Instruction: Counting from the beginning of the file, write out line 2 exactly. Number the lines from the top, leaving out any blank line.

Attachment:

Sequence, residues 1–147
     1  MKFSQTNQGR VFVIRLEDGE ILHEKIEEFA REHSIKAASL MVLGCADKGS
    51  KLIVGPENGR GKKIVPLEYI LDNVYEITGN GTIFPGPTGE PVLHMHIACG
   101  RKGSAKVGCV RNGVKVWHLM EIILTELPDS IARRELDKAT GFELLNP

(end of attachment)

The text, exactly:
     1  MKFSQTNQGR VFVIRLEDGE ILHEKIEEFA REHSIKAASL MVLGCADKGS